DAVIS Let me take a breath first. (Inhales deeply.) Here’s the thing. Maria Bello pitched the movie to me when she gave me an award at the Skirball Center — instead of giving me the award, she had the treatment for the movie, so she pitched it to the audience: “Wouldn’t you like to see Viola Davis in The Woman King?!” And everybody cheered. And I was like, “That’s some bullshit. Who’s ever seen anything like that before?” I certainly hadn’t. I don’t think, up until that point, I had been the lead in a movie. I was doing a TV show at the time. So to make a long, long story very, very, very, very short: The reason why it’s hard is because all of the characters are Black females. There are no stars. There are no white male stars. There is no big Black male star. There is not a name in front of it that says it’s going to make money and that it deserves to get a proper budget. You’re taking it to the studios, going, “We have an idea of a movie that’s set in 1826 with me, Lashana Lynch, Sheila Atim, Thuso Mbedu!” And they’re like, “Who?” And then you’ve got to get a director that the studio approves. What big director is going to direct The Woman King? You’re going to have a lot of great, really top white directors who are like, “I don’t want to touch that because I don’t want to deal with the controversy of directing a predominantly Black film.” So we’re not going to touch it, but we won’t say we won’t touch it yet. We’ll say we’re going to touch it because we don’t want to be mean. Then that takes the longest time, to go back to the director and get a definite no. Then you have to go to the directors who are available, who want to direct it, who can direct it, who are Black, but they don’t have the studio approval. So then you have to fight for that. Everything is a fight. And then, like Jerry said, the movie comes out and you’re praying it works because of all the obstacles placed in front of it. It’s the feeling that if it doesn’t work, there’s no other Black female that can do a movie after this and lead a global box office. It takes on a larger responsibility.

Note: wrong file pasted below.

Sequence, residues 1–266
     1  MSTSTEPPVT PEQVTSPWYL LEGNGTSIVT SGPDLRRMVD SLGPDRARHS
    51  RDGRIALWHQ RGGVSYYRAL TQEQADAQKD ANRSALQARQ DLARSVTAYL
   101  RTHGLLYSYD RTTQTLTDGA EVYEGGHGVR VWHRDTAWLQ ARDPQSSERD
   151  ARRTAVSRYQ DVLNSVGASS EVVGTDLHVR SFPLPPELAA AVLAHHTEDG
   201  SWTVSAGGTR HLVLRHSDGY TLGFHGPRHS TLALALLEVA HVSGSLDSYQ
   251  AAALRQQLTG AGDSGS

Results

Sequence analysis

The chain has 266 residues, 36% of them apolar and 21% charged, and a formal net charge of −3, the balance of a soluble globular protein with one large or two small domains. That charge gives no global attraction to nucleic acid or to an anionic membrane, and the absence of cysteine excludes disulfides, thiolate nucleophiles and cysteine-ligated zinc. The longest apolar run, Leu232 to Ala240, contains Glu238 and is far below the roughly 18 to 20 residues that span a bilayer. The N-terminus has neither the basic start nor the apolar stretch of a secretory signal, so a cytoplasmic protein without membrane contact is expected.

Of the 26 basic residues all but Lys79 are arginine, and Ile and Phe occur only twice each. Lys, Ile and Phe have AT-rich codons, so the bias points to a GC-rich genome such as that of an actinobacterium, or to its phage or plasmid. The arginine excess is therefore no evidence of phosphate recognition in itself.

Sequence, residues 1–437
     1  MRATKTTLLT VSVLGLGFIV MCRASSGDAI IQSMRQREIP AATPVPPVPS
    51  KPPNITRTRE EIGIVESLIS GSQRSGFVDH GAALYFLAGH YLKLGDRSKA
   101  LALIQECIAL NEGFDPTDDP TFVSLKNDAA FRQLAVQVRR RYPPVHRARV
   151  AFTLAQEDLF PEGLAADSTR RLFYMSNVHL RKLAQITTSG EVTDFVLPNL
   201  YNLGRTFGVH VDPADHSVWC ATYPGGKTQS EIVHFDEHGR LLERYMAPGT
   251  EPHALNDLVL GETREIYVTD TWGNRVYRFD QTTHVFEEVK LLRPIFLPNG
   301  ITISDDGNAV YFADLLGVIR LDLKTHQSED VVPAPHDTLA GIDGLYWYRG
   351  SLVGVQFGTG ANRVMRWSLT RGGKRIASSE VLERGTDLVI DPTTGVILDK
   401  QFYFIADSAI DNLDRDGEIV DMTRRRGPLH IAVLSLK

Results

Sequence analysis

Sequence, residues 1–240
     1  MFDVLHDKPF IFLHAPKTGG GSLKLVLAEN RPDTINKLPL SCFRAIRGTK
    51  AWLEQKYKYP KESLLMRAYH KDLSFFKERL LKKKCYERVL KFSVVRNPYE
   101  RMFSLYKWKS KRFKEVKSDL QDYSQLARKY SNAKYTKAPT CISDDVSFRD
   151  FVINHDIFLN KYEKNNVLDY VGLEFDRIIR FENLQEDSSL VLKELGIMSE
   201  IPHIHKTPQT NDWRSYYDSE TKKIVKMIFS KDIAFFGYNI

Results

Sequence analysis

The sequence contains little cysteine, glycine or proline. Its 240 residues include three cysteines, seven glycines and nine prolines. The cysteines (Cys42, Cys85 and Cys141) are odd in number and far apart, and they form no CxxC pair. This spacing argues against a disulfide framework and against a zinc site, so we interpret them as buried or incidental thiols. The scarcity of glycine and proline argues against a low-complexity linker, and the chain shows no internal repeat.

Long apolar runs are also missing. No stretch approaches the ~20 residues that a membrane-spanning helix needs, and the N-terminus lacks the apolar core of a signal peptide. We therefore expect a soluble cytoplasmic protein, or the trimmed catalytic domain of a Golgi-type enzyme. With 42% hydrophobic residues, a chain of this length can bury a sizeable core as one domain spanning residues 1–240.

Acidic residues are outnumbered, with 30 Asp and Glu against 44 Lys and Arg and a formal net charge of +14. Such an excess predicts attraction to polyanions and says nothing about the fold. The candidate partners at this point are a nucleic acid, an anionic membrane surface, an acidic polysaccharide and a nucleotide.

The Woman King Ilze Kitshoff/TriStar Pictures